The opinion of the court was delivered by: Craig M. Kellison United States Magistrate Judge
Plaintiff, who is proceeding pro se, brings this civil rights action. Pending before the court is plaintiff's motion to: (1) extend the discovery cut-off date; (2) compel production of documents; and (3) impose sanctions (Doc. 48).*fn1 A hearing was held on January 28, 2010, at 10:00 a.m. before the undersigned in Redding, California. Phillip B. Price, Esq., appeared on behalf of defendants and plaintiff appeared pro se.
A. Plaintiff's Allegations
Plaintiff names as defendants Siskiyou County, members of the Siskiyou County Planning Commission, and others. He states that he owns an interest in real property situated in Siskiyou County. The property is located "directly behind a gravel pit owned and operated by the Defendant." According to plaintiff, on August 3, 1966, the Siskiyou County Planning Commission issued a use permit "allowing for the installation and operation of an asphalt hot plant to manufacture aggregate and asphalt paving products." He states that his predecessor-in-interest began making use of the property consistent with the use permit and that the use permit became a "vested property right which runs with the land." He adds that the 1966 use permit does not contain any termination provision.
Plaintiff claims that, on December 10, 2002, "[c]counsel for the Plaintiff gave written notice... to Rick Barnum as Director of the Siskiyou County Planning Department that the property owners were going to move forward with a business plan consistent with the Use Permit." On February 13, 2003, the Planning Commission responded with a letter asserting that the use permit was no longer valid. According to plaintiff, the "Planning Director's decision was made without any hearing, without legislative authority, and without any legislative body action all in violation of Plaintiff's due process rights relating to termination of a vested property right." Following the decision, Siskiyou County filed an appeal which was heard on May 4, 2005.*fn2 The Planning Commission rejected the appeal and affirmed the determination that the 1966 use permit was no longer valid. Plaintiff alleges that the appeal was heard over his objection because the Planning Commission "lacked any authority to conduct the [May 4, 2005] hearing." On May 24, 2005, plaintiff appealed to the Siskiyou County Board of Supervisors, which also affirmed the Planning Commission's determination regarding the use permit.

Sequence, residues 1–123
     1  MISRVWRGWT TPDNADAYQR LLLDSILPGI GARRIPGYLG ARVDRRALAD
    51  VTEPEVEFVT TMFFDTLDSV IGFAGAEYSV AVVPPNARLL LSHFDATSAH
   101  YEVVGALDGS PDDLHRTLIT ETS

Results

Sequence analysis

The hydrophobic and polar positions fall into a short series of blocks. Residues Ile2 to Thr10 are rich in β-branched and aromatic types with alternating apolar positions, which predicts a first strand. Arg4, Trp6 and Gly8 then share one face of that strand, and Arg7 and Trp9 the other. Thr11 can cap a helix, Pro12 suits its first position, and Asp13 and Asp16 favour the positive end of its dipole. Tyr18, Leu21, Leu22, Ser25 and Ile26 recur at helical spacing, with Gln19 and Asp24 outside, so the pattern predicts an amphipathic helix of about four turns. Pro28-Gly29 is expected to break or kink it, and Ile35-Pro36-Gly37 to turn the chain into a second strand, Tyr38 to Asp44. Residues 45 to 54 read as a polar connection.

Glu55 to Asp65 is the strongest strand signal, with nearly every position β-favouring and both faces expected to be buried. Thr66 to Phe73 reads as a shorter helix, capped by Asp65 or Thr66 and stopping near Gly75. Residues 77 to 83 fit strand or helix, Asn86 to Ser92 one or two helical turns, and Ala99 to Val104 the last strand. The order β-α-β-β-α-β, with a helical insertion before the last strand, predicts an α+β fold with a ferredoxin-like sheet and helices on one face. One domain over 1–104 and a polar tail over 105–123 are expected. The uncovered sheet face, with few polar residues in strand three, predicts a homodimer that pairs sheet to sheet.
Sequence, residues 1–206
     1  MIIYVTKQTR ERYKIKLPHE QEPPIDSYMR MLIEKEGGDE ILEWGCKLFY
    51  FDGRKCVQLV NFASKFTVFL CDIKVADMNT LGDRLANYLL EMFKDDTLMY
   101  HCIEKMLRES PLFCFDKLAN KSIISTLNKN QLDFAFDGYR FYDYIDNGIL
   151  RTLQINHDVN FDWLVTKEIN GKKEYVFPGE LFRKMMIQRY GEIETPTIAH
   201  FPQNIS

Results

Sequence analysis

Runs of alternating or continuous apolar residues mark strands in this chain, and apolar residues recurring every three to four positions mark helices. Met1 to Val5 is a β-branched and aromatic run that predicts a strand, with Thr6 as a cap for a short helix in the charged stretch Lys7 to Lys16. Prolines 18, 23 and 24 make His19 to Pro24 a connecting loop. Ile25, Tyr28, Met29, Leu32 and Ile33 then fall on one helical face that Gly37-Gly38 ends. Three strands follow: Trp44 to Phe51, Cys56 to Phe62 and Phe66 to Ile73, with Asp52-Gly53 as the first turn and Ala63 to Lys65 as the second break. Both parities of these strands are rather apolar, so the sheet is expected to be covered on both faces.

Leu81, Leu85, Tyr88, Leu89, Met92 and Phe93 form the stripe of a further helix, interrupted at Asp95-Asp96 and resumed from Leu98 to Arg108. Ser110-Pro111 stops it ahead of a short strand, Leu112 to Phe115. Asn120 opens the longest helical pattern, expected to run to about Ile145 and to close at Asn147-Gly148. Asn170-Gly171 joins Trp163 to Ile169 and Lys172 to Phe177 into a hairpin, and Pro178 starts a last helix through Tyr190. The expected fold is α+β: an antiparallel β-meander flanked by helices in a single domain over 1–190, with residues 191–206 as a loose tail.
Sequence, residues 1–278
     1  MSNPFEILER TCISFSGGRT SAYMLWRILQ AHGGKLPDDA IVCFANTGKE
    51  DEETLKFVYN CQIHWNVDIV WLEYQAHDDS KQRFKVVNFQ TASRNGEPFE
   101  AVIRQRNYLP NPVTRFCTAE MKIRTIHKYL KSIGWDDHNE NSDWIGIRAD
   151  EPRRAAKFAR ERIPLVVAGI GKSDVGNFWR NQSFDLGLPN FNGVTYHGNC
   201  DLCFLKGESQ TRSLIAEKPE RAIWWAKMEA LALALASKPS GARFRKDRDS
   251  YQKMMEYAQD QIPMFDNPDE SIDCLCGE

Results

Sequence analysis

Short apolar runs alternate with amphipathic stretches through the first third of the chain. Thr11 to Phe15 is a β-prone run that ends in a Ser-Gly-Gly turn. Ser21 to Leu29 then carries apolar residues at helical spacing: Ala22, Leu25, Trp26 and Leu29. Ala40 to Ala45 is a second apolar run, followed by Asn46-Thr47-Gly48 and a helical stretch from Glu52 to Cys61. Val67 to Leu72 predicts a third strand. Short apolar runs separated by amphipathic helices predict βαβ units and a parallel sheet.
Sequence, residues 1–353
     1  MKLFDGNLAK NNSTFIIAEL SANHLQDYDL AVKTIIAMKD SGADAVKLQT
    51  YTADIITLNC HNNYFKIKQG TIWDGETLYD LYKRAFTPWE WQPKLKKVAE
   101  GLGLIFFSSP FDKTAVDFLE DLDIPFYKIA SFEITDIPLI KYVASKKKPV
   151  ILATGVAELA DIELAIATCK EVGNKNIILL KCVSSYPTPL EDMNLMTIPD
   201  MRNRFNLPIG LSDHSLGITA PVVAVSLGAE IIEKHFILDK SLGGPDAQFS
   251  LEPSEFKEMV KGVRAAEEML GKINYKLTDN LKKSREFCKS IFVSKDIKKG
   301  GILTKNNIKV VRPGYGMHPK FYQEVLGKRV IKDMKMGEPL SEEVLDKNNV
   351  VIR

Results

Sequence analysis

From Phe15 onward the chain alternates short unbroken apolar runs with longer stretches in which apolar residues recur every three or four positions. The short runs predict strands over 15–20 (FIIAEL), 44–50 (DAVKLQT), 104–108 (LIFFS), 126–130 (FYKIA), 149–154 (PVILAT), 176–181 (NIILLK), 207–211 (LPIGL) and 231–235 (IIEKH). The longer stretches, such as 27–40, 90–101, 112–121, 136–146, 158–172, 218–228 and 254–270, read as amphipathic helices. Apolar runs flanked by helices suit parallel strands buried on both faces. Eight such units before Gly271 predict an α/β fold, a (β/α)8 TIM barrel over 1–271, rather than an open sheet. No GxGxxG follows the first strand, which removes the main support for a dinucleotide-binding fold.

Plaintiff alleges in Count 1 a civil rights claim based on the determination that the 1966 use permit was not valid:
In declaring the Use Permit to be invalid based on Siskiyou County Code § 10-6.2501, Siskiyou County by and through the Planning Director, the Planning Commission, and the Board of Supervisors abused their discretion and failed to proceed in the manner required by law in that the termination of the Use Permit deprived Plaintiff of a vested property right.
Termination of the Use Permit constitutes a taking of property without just compensation in violation of Article I, Section 19 of the California Constitution and the Fifth and Fourteenth Amendments of the United States Constitution. The termination violated Plaintiff's procedural and substantive due process rights....
Plaintiff contends that, as a result of the determination that the use permit was no longer valid, he has been "denied the use of the Property consistent with the Use Permit from September of 2000 through the entry of a final order July 13, 2007...."*fn3
In Count 2, plaintiff references an action he brought asking the Superior Court to declare the 1966 use permit valid with respect to his property.*fn4 According to plaintiff, defendants interposed demurrers based on failure to exhaust administrative remedies because they "... did not want the case heard... because [they] knew that a hearing concerning a Vested Use Permit would necessarily result in the protection of Plaintiff's property rights." Plaintiff states that he was told by the Siskiyou County Counsel -- defendant Frank DeMarco -- that "... the county would rather fight Plaintiff in court in hopes of winning instead of taking on the masses of Mt. Shasta when they filed in court if Plaintiff was allowed to go forward." Plaintiff adds:
... At that point Plaintiff asked Mr. DeMarco if that meant that the county would rather squash Plaintiff's property rights in court in hopes of the court making a mistake in its final decision and finding against Plaintiff. Mr. DeMarco said "I guess you could state it that way."
According to plaintiff, defendants conspired to thwart his state court case even though they knew ...